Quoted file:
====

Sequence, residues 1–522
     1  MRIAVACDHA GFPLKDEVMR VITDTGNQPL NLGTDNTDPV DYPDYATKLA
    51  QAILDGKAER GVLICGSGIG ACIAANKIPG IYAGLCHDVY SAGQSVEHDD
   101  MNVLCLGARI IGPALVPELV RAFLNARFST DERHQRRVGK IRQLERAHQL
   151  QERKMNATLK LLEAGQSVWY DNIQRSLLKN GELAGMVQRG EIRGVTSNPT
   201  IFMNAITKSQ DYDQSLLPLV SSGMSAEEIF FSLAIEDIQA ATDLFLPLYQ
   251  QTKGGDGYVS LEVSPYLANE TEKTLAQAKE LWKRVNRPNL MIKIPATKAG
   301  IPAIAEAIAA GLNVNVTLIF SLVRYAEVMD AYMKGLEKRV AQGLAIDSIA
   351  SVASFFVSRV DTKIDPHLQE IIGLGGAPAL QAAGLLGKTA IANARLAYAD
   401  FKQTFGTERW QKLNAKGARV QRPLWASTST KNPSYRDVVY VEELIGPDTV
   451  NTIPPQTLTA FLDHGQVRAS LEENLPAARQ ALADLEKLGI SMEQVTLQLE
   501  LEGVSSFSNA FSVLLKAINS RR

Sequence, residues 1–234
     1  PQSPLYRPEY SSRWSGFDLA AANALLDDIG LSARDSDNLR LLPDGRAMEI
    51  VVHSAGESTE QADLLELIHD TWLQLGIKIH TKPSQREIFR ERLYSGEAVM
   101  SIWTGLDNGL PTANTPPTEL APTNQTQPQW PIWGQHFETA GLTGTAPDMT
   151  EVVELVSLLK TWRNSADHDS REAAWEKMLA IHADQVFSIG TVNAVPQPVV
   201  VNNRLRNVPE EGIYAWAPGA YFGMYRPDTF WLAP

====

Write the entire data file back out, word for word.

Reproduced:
Sequence, residues 1–522
     1  MRIAVACDHA GFPLKDEVMR VITDTGNQPL NLGTDNTDPV DYPDYATKLA
    51  QAILDGKAER GVLICGSGIG ACIAANKIPG IYAGLCHDVY SAGQSVEHDD
   101  MNVLCLGARI IGPALVPELV RAFLNARFST DERHQRRVGK IRQLERAHQL
   151  QERKMNATLK LLEAGQSVWY DNIQRSLLKN GELAGMVQRG EIRGVTSNPT
   201  IFMNAITKSQ DYDQSLLPLV SSGMSAEEIF FSLAIEDIQA ATDLFLPLYQ
   251  QTKGGDGYVS LEVSPYLANE TEKTLAQAKE LWKRVNRPNL MIKIPATKAG
   301  IPAIAEAIAA GLNVNVTLIF SLVRYAEVMD AYMKGLEKRV AQGLAIDSIA
   351  SVASFFVSRV DTKIDPHLQE IIGLGGAPAL QAAGLLGKTA IANARLAYAD
   401  FKQTFGTERW QKLNAKGARV QRPLWASTST KNPSYRDVVY VEELIGPDTV
   451  NTIPPQTLTA FLDHGQVRAS LEENLPAARQ ALADLEKLGI SMEQVTLQLE
   501  LEGVSSFSNA FSVLLKAINS RR

Sequence, residues 1–234
     1  PQSPLYRPEY SSRWSGFDLA AANALLDDIG LSARDSDNLR LLPDGRAMEI
    51  VVHSAGESTE QADLLELIHD TWLQLGIKIH TKPSQREIFR ERLYSGEAVM
   101  SIWTGLDNGL PTANTPPTEL APTNQTQPQW PIWGQHFETA GLTGTAPDMT
   151  EVVELVSLLK TWRNSADHDS REAAWEKMLA IHADQVFSIG TVNAVPQPVV
   201  VNNRLRNVPE EGIYAWAPGA YFGMYRPDTF WLAP